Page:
And this is where something special started to happen… taking inspiration from the mathematical sequences that underpin so much of nature’s seemingly random distribution, from flower petals to seed heads, Deacci created a winding distribution methodology based on the Fibonacci sequence that’s resulted in a range of pickups that deliver the very best of those vintage sets but with a consistency and purity that’s hard to achieve with hand wound pickups.

Fibonacci numbers? Those are nature’s magic numbers! 1, 1, 2, 3, 5, 8, 13… Creating a ratio between adjacent numbers in the Fibonacci sequence form what the Greeks called the “Golden Ratio” or “Golden Mean,” (0.61538461538462…) the perfect balance. You see the Fibonacci numbers everywhere in nature! For instance, the number of clockwise rows of “eyes” on a pineapple versus the number of counter-clockwise rows are adjacent Fibonacci numbers. The length of your hand versus the length of your forearm create a Golden Mean. Pretty amazing stuff.

So if it works in nature, why not apply it to technology? Apparently, Deacci has devised a scatter-winding methodology that employs the Fibonacci sequence. Who knows how this will make the pickups sound? But it definitely is a unique approach, and frankly, since they’re going after discrete numbers, it would mean that there will be much less variation and much more consistency between different pickups of the same make as you find with PAFs (imagine the winders that were originally used to wind PAF pickups were made for winding yarn).

Of course, there’s no guarantee, except for hearing them, and from the sound clips I’ve heard thus far, these are very nice-sounding pickups. I’m going to be getting a set of the their “Green Faze” pickups based upon Peter Green’s ’59 Les Paul’s PAF’s. Very excited about that as I will be putting them into my ’58 Re-issue to brighten up its naturally warmer tone – especially in the neck pickup. I’ll be doing a review in the next few weeks! Stay tuned!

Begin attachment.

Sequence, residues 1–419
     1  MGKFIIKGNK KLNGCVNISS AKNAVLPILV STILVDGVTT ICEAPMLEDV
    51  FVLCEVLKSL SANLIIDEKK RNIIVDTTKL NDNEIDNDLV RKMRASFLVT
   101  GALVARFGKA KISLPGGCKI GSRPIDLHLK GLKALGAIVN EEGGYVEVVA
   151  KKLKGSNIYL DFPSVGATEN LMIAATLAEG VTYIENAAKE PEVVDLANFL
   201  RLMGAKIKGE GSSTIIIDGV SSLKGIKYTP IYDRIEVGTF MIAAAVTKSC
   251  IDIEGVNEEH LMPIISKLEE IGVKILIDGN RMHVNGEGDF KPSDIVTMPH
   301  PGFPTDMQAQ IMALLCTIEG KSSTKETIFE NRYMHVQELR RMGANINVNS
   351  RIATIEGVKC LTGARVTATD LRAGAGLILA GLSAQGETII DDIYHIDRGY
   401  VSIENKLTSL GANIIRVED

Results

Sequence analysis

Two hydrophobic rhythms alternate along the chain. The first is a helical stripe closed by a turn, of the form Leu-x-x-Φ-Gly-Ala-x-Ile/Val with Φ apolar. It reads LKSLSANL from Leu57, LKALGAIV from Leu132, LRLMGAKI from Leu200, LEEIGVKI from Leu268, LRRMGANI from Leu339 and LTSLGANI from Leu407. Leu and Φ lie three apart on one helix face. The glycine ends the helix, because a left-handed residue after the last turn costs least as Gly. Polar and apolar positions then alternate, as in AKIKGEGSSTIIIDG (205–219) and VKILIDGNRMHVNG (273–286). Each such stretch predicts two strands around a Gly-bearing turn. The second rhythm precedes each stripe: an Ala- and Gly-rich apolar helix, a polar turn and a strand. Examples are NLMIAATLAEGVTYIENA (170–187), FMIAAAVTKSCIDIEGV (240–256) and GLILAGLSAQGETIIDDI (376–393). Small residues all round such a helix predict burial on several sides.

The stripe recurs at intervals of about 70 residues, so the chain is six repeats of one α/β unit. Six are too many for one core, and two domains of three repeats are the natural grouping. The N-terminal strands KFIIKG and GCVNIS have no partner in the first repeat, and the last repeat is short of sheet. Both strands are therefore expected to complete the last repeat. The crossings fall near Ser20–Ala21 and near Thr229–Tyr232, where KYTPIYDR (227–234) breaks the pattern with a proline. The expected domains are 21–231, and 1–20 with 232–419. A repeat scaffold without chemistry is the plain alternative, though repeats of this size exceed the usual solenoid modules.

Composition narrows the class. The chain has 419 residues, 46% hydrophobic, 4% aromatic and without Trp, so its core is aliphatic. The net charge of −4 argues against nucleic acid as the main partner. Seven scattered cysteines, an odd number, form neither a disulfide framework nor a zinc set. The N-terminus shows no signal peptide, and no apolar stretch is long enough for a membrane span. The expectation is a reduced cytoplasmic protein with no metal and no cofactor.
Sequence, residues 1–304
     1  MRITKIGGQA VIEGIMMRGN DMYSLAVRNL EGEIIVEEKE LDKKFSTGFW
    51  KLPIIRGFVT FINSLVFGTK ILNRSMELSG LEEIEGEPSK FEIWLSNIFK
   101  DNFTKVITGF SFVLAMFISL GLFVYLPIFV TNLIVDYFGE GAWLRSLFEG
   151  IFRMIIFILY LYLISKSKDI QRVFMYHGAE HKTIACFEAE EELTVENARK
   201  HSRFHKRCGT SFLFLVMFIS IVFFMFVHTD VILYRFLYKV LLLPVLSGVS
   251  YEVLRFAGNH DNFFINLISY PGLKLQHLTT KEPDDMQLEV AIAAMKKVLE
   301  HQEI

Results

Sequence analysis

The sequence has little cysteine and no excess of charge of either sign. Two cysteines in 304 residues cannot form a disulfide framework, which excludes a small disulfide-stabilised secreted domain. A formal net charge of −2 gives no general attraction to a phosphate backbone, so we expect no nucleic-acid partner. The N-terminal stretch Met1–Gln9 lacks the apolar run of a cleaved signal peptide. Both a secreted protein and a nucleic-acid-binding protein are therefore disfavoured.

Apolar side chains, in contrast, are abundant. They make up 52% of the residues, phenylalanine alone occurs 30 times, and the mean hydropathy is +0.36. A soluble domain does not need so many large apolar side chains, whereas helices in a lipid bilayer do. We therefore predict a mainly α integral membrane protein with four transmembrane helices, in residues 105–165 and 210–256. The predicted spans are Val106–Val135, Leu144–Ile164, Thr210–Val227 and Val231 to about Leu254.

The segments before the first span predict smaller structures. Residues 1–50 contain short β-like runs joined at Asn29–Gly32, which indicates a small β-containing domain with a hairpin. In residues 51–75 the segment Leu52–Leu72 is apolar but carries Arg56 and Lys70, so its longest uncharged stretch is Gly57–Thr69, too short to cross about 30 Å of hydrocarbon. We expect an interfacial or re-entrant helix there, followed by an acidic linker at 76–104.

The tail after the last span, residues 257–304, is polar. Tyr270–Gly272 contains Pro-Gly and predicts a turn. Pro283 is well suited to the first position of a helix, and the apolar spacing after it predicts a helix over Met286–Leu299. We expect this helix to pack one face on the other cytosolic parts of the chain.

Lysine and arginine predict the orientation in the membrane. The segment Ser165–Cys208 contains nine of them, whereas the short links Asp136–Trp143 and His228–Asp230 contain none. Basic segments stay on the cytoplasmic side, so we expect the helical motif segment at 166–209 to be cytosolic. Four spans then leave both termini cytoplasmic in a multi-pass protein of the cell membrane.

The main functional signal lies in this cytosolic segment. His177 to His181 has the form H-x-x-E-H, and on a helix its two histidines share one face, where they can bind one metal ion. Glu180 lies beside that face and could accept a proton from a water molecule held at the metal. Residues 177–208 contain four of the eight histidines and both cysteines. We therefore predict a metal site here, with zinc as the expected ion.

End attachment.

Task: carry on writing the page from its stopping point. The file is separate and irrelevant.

For more information, visit the Deacci Pickups site!

I’ve shared this story in the past, but decided to share it again because it has had such a profound affect on how I approach practically any problem. The article was first published in the Houston Chronicle in 2001, but I first heard about the story a few years ago when my aunt shared it. Here’s the transcript from the article:

—-

On Nov. 18, 1995, Itzhak Perlman, the violinist, came on stage to give a concert at Avery Fisher Hall at Lincoln Center in New York City.

If you have ever been to a Perlman concert, you know that getting on stage is no small achievement for him. He was stricken with polio as a child, and so he has braces on both legs and walks with the aid of two crutches. To see him walk across the stage one step at a time, painfully and slowly, is an awesome sight. He walks painfully, yet majestically, until he reaches his chair. Then he sits down, slowly, puts his crutches on the floor, undoes the clasps on his legs, tucks one foot back and extends the other foot forward. Then he bends down and picks up the violin, puts it under his chin, nods to the conductor and proceeds to play.

By now, the audience is used to this ritual. They sit quietly while he makes his way across the stage to his chair. They remain reverently silent while he undoes the clasps on his legs. They wait until he is ready to play.